And you also were included in Christ when you heard the message of truth, the gospel of your salvation. When you believed, you were marked in him with a seal, the promised Holy Spirit, who is a deposit guaranteeing our inheritance until the redemption of those who are God’s possession—to the praise of his glory. (Ephesians 1:13-14)
Because of the Spirit living in you, you are regarded as WORTHY of receiving God’s promises and that worthiness translates to you as being holy and blameless. Only a holy and blameless person could receive these gifts of grace and salvation from God. And only Jesus could bring us to that state of holiness and blameless.
You, my friend, have been brought into that state.
You are holy and blameless, and no depression or anxiety or pain can destroy that.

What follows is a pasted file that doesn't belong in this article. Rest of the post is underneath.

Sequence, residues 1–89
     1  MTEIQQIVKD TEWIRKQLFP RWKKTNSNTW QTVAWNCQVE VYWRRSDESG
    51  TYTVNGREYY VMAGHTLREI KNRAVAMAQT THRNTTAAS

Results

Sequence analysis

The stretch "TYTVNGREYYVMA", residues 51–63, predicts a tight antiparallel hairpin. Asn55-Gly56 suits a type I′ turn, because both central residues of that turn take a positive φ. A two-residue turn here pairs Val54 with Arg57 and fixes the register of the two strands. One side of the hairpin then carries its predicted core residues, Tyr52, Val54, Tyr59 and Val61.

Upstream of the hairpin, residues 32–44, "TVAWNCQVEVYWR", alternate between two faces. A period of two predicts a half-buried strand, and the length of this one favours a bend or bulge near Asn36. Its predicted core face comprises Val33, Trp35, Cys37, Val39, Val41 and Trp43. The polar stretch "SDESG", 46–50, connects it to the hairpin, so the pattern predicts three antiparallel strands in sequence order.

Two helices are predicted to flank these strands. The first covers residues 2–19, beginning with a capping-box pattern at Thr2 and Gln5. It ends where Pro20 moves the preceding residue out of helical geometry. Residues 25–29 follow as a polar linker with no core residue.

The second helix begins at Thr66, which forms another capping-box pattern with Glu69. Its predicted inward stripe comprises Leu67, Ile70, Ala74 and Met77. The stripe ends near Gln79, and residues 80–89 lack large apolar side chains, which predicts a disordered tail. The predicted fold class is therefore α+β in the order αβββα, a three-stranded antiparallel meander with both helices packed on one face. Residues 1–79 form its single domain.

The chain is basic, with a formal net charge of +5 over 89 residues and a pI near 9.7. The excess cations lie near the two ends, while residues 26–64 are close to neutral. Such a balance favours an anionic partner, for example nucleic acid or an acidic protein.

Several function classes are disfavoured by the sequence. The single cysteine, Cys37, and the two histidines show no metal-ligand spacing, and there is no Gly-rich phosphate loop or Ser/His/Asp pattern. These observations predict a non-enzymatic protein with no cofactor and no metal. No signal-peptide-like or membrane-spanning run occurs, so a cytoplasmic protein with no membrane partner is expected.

Truth #3: You don’t have to be alone.
Do you know that there are bipolar Christians (and I’m sorry if you don’t like being called that) everywhere?
There are bipolar Christians around every corner and some of them could be your closest friends.
The reason why we don’t know where to find them is because they’re often in hiding.
We bipolar Christians are fond of hiding because we think it’s abnormal and wrong to feel the things we do and be the way we are.
We’re afraid that if people find out, we will be beat over the head with talk of spiritual welfare and demons. Our faith will be questioned and we’ll suddenly be the odd ones out.
And even though all of these things are a possibility (depending on who you surround yourself with), your true brothers and sisters in Christ would not want you to suffer alone. And God doesn’t want you to suffer alone. No one should have to suffer alone.
As scary as it is, admitting your bipolarity can be the most freeing thing. You suddenly feel like you have allies, people to pray on your behalf when you don’t have the strength or willpower to pray for yourself. You have friends, people who truly know you.
It’s okay to confide in trustworthy people about your feelings.